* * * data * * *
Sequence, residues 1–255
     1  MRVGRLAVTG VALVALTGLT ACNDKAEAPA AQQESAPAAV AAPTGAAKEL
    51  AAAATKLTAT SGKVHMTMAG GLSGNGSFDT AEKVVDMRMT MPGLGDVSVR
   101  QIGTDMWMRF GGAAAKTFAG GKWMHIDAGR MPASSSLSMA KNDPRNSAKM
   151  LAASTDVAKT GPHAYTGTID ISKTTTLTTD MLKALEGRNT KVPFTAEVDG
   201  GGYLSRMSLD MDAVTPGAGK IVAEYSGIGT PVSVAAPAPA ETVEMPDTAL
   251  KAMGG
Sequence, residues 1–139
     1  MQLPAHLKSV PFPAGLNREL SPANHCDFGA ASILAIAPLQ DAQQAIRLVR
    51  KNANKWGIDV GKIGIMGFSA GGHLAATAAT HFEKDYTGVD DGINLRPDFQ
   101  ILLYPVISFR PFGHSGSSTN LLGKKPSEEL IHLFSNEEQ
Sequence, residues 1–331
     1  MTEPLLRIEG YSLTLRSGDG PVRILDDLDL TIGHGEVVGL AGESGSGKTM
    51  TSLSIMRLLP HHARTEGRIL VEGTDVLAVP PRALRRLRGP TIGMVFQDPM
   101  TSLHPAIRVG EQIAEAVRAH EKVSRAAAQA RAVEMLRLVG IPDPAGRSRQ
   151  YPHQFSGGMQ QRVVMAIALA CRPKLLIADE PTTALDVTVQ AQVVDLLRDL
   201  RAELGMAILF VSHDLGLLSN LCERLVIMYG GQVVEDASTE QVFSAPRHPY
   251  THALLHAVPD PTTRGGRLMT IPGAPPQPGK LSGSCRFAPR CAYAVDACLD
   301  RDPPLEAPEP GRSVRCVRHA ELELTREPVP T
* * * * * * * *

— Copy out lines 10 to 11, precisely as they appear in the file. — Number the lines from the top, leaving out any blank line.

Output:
    51  KNANKWGIDV GKIGIMGFSA GGHLAATAAT HFEKDYTGVD DGINLRPDFQ
   101  ILLYPVISFR PFGHSGSSTN LLGKKPSEEL IHLFSNEEQ